Three summers in Hawke's Bay has rubbed-off well on Norwegian shearer Anne-Lise Humstad who has become one of the few women in the world to win a National Open shearing title.
The 28-year-old, who first learnt to shear in early 2015 and came to New Zealand for the first time during the following season Downunder, won the Norway open final at the weekend in Gudbrandsdalen region village Kvarn.
As a result she will be one of two machine shearers representing her country at the 2019 World Championships in France, and at least nominally, the highest-ranked woman in world shearing.
In the Norway team she joins Asmund Kringeland, who secured his place by winning their national title last year. Also a regular visitor to New Zealand, where he has been a winner at senior level, Kringeland was fourth in his defence of his title at the weekend.
Humstad, who shears in New Zealand for Dannevirke enterprise Paewai Mullins Shearing, and last summer also for Masterton contractors Shear Expertise, was fifth in the 2017 Golden Shears junior final and shore in two intermediate finals Downunder earlier this year, with a best effort of runner-up at the Rotorua A and P Show, in a uniquely all-overseas final won by French shearer Jeremy Leygonie.
There were 12 entries in the weekend's championships which were shorn on "stroppy, big lambs", weighing about 60kg, and Humtsad qualified in third place for the final, and was sixth in the international competition heats, which had 24 entries.
She withdrew from the international semi-final to concentrate on her big Norway team opportunity, although doubting her chances right to the moment the result was announced.
The lambs in the final were good shearing, comprising 10 Norwegian White lambs (crossbreds) and two Spelsau lambs she described as "madness on 4 legs."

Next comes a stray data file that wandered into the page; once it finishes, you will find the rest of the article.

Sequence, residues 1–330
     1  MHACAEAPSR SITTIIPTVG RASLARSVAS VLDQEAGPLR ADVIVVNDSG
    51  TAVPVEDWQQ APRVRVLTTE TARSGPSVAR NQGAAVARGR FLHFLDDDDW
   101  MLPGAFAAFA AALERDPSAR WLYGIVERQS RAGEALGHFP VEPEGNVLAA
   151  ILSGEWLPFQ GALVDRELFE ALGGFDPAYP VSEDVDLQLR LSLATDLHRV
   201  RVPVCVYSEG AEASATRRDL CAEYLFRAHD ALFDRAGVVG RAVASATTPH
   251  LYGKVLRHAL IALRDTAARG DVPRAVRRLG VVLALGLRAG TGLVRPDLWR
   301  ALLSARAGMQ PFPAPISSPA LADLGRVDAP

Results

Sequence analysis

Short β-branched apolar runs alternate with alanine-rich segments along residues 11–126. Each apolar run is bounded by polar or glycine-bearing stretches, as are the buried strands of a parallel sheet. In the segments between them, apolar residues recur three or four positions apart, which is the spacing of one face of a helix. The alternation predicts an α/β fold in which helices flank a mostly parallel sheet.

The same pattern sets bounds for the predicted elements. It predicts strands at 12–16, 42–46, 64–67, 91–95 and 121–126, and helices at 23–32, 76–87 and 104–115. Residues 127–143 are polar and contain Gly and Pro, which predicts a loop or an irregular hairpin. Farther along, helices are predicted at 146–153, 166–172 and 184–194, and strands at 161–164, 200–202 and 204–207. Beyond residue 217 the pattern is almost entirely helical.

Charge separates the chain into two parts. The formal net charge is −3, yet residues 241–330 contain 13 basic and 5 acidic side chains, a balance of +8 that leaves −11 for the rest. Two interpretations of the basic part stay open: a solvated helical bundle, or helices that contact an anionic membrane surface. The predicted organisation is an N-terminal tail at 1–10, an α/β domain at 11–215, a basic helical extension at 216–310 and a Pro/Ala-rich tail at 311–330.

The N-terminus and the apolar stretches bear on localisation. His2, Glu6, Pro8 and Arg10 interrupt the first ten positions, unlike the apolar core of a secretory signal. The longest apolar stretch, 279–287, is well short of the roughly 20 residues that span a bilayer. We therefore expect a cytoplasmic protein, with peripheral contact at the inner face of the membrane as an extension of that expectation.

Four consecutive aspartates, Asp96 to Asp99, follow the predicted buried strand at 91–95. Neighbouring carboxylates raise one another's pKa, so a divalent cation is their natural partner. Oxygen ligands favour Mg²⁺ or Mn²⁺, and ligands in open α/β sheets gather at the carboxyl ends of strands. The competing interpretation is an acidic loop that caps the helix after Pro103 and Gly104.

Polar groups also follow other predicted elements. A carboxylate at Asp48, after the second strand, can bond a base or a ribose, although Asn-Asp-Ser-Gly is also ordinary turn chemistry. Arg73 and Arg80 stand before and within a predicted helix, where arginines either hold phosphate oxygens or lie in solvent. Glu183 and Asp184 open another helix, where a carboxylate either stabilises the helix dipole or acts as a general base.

"I started with some good lambs and kept up with the boys for the first couple of sheep," she said. "Then I had some trouble with a kicker and fell behind."
The commentator kept talking about the boys "and which one of them would go to France," leaving her sure she was "out of the game."
All three others beat her by more than two minutes, a 57-second second-to-last sheep and the best quality points enabled her to sneak home by 0.34pts from runner-up Lars Sonstevoldhaugen.
"I actually won," she said. "Can't believe it."
"Working in Dannevirke and Masterton, and also competing, have been very important for my development," said Humstad, "getting numbers of consistent sheep have been good practice, and also many great shearers to learn from. It is one of the main reasons I've come so far in such a short time."
"Doing many competitions in New Zealand has given me enough experience to know what the judges are looking for, to stay calm on stage and do a good job."
Humstad plans to be back in New Zealand soon, with some other Norwegian shearers, although she's unsure when.
One of the few other women to win a national open title, possibly the only other, was New Zealand shearer Michelle Harrex, who won the South African open final in 1998.